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Alexander the Fabulous ~ A Capsule Book Review

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Alexander the Fabulous ~ A Capsule Book Review by Allen Kopp

Alexander the Great (356-323 BCE) certainly made his mark on the ancient world. He lived about three-hundred-and-fifty years before Christ. He was born son of a king, one-eyed King Philip of the ancient kingdom of Macedonia and a strange woman named Olympias. While both of his parents were mere mortals, he was really believed to be the son of the god Zeus.

From an early age, Alexander showed a talent for military strategy and winning battles against the enemy. When King Philip died, Alexander became king (although he had been regent before that, which is almost the same as king). While still in his teens, he set about conquering the known world. He commanded the allegiance and love of a huge army. Within ten years, he had conquered the known world. He was the first and only “king of the world,” although others have aspired to that title since then.

Alexander’s role model was Achilles from Homer’s The Iliad. He patterned his life after Achilles, right down to the lifelong boyfriend (Achille’s boyfriend was Patroklos, Alexander’s was Hephaestion). As with Achilles, Alexander was a fierce adversary in warfare and he had a talent for winning battles when the odds were against him and he went against far bigger fighting forces. He was so good that Julius Caesar is known to have wept because he knew he would never be as good as Alexander.

Alexander never lost a battle, but his constant campaigning and warfare took their toll. He always went into the battle at the front line along with is men, never hanging back to give orders. He was wounded many times, including his lung being pierced by a crossbow. He wouldn’t rest or eat or take a drink of water until his men had been taken care of; this is one of the reasons why he was so loved and respected.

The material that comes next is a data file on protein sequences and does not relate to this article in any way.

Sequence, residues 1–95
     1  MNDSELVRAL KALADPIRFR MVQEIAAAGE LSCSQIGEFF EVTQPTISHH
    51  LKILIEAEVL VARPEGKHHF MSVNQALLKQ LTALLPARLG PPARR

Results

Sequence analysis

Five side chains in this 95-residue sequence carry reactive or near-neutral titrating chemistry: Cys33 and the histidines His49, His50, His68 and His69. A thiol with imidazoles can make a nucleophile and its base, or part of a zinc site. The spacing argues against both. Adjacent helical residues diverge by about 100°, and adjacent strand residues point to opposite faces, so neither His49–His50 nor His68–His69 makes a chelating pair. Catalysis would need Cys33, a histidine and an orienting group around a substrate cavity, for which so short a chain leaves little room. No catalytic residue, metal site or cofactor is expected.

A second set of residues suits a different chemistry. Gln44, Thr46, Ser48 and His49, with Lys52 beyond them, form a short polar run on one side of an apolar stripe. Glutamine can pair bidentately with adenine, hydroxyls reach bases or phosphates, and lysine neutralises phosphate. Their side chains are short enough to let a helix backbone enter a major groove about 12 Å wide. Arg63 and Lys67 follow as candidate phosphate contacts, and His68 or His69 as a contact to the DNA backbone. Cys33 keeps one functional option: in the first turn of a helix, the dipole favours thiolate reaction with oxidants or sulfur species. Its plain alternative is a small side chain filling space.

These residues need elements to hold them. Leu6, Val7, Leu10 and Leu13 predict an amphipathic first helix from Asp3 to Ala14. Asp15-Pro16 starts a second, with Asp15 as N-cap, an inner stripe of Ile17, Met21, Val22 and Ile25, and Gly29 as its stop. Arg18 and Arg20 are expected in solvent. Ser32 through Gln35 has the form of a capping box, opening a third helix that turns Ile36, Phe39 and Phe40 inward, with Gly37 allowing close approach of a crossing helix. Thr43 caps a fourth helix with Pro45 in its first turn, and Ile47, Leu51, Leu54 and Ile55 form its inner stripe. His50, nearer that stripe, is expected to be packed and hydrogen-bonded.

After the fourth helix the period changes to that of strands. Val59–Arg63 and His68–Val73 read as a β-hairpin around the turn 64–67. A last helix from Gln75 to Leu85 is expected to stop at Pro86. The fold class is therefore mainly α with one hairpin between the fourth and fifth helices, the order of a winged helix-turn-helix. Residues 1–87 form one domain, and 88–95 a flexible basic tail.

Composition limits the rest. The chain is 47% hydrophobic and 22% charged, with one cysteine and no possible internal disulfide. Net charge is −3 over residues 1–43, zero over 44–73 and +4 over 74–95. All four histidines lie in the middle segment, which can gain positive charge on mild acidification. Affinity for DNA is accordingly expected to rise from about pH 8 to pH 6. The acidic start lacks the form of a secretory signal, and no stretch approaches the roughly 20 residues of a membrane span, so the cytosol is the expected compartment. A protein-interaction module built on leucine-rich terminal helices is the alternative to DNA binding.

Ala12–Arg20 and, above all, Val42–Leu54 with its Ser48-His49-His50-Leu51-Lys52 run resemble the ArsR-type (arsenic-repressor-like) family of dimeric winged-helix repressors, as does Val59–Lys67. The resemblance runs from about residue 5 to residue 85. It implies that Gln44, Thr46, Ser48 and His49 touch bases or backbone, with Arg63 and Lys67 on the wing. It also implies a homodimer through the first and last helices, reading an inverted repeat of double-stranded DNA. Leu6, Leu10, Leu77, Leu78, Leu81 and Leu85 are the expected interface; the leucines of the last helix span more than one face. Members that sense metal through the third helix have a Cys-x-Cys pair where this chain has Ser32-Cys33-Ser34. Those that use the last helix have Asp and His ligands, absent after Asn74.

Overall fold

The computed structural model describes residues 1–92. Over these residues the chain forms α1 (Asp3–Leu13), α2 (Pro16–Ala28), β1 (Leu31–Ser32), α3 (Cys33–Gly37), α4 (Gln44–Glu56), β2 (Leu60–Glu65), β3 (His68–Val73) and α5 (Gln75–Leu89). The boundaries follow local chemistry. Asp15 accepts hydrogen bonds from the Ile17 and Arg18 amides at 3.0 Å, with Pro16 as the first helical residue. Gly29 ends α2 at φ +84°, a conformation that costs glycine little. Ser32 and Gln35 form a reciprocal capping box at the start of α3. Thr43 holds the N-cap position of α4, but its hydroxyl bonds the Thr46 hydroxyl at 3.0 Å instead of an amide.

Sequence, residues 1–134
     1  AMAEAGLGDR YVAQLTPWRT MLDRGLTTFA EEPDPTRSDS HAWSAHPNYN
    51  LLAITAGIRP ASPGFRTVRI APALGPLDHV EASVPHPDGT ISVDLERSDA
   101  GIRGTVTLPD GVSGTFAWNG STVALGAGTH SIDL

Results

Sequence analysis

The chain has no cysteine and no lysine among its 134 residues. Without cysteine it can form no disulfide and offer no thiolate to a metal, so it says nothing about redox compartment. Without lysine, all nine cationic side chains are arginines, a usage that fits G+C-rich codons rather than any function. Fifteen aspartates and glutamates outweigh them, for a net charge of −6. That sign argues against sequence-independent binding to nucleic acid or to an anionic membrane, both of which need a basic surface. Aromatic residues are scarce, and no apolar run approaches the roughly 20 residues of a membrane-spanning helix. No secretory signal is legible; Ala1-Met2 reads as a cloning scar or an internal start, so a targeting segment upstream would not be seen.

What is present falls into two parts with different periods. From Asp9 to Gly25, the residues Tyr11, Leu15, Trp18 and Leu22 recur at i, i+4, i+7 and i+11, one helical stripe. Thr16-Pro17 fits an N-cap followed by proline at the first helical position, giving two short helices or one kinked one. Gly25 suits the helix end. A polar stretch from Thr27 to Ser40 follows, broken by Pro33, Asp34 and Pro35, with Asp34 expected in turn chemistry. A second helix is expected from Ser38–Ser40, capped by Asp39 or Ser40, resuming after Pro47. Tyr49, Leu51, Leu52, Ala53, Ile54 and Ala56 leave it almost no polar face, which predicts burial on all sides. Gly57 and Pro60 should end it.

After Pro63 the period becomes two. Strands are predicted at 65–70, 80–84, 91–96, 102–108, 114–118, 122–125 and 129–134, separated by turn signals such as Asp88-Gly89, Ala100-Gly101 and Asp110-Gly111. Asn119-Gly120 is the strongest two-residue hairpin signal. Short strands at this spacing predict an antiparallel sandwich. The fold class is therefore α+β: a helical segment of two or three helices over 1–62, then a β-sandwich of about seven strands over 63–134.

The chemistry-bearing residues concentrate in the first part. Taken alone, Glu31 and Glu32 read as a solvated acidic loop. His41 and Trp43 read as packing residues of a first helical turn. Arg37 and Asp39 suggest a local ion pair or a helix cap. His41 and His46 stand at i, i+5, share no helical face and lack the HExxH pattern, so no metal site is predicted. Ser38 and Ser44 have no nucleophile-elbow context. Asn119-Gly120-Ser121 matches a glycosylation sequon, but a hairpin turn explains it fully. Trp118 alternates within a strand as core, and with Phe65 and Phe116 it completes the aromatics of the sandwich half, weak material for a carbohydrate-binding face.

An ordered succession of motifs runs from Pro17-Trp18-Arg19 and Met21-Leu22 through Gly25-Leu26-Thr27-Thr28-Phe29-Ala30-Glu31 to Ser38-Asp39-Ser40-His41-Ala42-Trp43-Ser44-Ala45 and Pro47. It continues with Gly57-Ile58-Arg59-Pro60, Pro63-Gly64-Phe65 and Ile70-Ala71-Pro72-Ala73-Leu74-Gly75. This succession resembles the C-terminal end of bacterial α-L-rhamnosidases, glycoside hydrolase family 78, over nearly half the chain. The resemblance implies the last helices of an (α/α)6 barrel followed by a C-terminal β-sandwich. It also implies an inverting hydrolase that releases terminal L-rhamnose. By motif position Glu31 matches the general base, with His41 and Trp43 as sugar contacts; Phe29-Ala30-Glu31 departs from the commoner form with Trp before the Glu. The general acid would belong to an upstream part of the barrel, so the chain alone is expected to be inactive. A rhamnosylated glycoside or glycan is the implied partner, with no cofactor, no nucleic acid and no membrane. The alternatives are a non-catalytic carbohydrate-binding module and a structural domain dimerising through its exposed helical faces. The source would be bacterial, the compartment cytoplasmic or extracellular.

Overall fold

He was grief-stricken at the unexpected death of his boyfriend Hephaestion. The two of them had been inseparable since Alexander was fourteen. Just eight months after Hephaestion’s death, in 323 BCE, Alexander himself died at the age of thirty-two, either from pneumonia, typhoid, malaria, or infection. His heavy use of alcohol was believed to have been a contributing factor in his early death.

Alexander the Fabulous by Michael Alvear is an entertaining, campy, not-always-serious account of the life of one of the most interesting and influential men in history. If you like your ancient history entertaining and peppered with gay jokes and snarky and funny comments, this is it. A quote from the first paragraph of chapter eight reads: “The ancient world had crow’s feet, sagging tits, and a loose box. Then Alexander gave it the kind of makeover that inspires Cher to dedicate songs to her plastic surgeons. Alexander didn’t just inject a little botox; he radically transformed the face of the earth with a unique surgical tool known as Hellenism, which spread Greek language, ideas, arts, politics, architecture, science, and philosophy to the rest of the known world. Don’t confuse Hellenism with equally important “Nellyism,” which spread Greek musical theatre, flowing robes, Doric columns, rich Corinthian leather, and floral appliques.”

Copyright © 2019 by Allen Kopp

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2 responses »

  1. Too funny. Where did you find this book?

    Reply

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